As hiking packs grow in volume they seem to become more daunting and ever more technical. While they do incorporate some extra features than your 20 litre backpack, the principle remains the same: to carry your gear comfortably. It's just with a 50+ litre pack, there's more gear to go in it and therefore requires more thought around weight distribution, comfort, and other such things.
The ultimate multi-day rucksacks swallow all your gear with ease, yet feel stable, comfortable and virtually weightless. They are also well-ventilated. It’s a lot to ask, and only a few manage pull it off. To help you find these 50+ litre champion rucksacks, we've created this handy round-up guide to the best out there right now.
Key features to look for in a large rucksack
Capacity: For a big walk (days or even weeks) you’ll need 50-65 litres. Manufacturers calculate volume by filling a pack with 20mm plastic balls, then placing them in a volumetric cylinder for measurement. Most brands include the pockets, while others maximise volume by unrolling storm collars and roll-top closures.
Back system: A ventilated back panel maximises airflow. Some systems use mesh suspension to hold the pack away from your back, which helps to stop you from getting sweaty. Others employ channels or vents interspersed with padded areas for enhanced comfort. More technical trekking packs tend to keep the weight close to your body for better stability and load transfer. Read our detailed guide on
Harness: The shoulder straps, hipbelt and chest strap form the harness, which is key to carrying comfort and load stability. Look for padded, contoured straps and a supportive hipbelt. Your hips should take most of the weight. Many harnesses also feature perforated foam or mesh to improve ventilation.
Main compartment: Access is usually via a lid with a buckle, though some use a roll-top closure. A roll-top saves weight and is very weatherproof, but a lid usually offers more storage. Floating lids attach to the pack via adjustable webbing straps. This allows you to ‘overstuff’ the top of the pack to carry extra supplies.
Extra compartments and access: Many packs have a bottom compartment, separated from the main section via a zipped divider. Some also offer access to the main compartment via a side or front zip.
External pockets: A front stretch pocket is useful for stowing extra layers. Side pockets are good for water bottles. Hipbelt pockets are handy for snacks and tech devices, as is a lid or top pocket.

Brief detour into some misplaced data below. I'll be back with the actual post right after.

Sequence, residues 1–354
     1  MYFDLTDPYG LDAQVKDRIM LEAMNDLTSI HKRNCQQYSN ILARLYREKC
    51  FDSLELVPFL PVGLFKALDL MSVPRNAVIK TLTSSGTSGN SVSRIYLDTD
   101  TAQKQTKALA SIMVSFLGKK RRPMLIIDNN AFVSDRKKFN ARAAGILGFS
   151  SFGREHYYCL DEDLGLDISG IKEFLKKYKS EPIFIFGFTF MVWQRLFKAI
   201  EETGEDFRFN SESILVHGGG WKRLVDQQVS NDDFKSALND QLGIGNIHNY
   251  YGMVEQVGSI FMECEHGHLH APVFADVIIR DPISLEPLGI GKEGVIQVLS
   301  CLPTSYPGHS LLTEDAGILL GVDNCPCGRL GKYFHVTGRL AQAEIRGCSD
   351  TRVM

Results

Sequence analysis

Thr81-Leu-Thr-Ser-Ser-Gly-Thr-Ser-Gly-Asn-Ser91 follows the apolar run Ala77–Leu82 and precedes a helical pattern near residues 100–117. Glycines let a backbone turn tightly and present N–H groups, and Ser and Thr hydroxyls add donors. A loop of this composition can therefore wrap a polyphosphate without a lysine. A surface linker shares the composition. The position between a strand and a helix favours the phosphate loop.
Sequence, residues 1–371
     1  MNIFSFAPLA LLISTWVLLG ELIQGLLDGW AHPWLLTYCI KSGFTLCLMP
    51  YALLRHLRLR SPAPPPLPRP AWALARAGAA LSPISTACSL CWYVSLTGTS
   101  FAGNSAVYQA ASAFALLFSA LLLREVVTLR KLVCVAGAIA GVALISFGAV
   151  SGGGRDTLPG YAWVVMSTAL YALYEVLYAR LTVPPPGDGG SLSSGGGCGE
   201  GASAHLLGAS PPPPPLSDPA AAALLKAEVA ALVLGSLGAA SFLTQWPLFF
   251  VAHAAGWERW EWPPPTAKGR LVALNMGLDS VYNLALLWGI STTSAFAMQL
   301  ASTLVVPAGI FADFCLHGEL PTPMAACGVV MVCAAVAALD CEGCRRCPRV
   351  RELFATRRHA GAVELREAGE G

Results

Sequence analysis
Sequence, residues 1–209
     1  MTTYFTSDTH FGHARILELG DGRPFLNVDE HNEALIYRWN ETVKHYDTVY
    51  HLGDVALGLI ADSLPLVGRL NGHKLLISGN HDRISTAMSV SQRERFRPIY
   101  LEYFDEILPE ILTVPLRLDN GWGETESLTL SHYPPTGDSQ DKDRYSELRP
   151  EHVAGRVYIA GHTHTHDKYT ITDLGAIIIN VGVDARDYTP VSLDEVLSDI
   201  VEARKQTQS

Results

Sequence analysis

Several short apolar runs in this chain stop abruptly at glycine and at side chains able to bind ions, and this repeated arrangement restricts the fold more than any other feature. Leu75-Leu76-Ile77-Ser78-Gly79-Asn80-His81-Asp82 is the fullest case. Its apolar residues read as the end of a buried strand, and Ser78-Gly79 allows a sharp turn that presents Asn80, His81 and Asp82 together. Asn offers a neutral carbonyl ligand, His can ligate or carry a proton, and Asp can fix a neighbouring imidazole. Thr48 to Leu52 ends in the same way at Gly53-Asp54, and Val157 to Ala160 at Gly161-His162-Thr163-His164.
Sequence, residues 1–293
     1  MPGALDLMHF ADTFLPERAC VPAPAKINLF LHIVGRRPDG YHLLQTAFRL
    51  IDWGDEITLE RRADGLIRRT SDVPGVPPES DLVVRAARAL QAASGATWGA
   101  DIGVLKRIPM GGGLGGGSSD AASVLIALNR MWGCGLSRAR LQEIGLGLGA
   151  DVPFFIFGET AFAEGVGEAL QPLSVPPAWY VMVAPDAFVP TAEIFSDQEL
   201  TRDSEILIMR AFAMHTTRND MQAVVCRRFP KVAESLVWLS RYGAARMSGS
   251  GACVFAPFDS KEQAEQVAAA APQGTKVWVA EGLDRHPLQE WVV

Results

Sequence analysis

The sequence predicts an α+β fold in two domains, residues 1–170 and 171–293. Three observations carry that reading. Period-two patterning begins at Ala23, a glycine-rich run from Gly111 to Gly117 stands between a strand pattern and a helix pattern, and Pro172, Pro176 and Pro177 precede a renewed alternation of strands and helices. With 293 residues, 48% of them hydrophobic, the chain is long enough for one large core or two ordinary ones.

Compression straps: Most packs have compression straps or cords to cinch in the load for added stability. They can also be used to carry extra gear on the outside of the pack or underneath the lid.
More rucksack guides
Read our detailed guide on choosing the right pack for further help.
Learn all you need to know about caring for your rucksack.
Don't need a huge pack? Read our article on the best tested 40-50 litre packs.
The best 50+ litre rucksacks
Gregory Katmai 55
Verdict: Great choice for extended trips - a delxue gear-hauler for warm climates, big days, and heavy loads.
Features 5/5 | Fit 5/5 | Weight 3/5 | Performance 5/5 | Value 4/5
Overall score: 88%
Pros: Capable load-carrier, loads of pockets, superb ventilation, eco-conscious build
Cons: Slightly heavy
This deluxe pack has a veritable arsenal of different features. But the Katmai’s biggest plus is its ability to handle heavy loads with ease. The sturdy internal steel alloy frame has a fibreglass cross-stay that helps to prevent the pack from ‘barreling’ when fully laden. The adjustable harness has pivoting shoulder straps and a one-piece wraparound hipbelt, offering plenty of support and stability with some flex too. It transfers the load extremely well, while the plush padding eliminates pressure points.
The trampoline-style back panel feels airy and is treated with Polygiene to keep your pack (and back) fresher for longer. It’s also more eco-friendly than most, using a PFC-free DWR and recycled fabrics. The result is a 28% reduction in the pack’s carbon footprint.
Some might find the Katmai slightly over-engineered. The steel frame, suspended mesh back panel, chunky harness and plethora of pockets also add weight, though this pack is still lighter than the Jack Wolfskin and Osprey models on test. But if your top priorities are storage and optimum carrying comfort, you’ll love the Katmai.
Weight 2.12kg | Sizes S/M or M/L (plus adjustable back) | Main fabric 210D nylon with PFC-free DWR (40% recycled content) and 420D nylon with PFC-free DWR (45% recycled content) | Pockets 9 | Raincover Yes | Women’s version Kalmia 50
Lowe Alpine Cholatse ND50:55
Verdict: Versatile and well-priced, this is the ideal all-purpose, all-weather pack for multi-day adventures.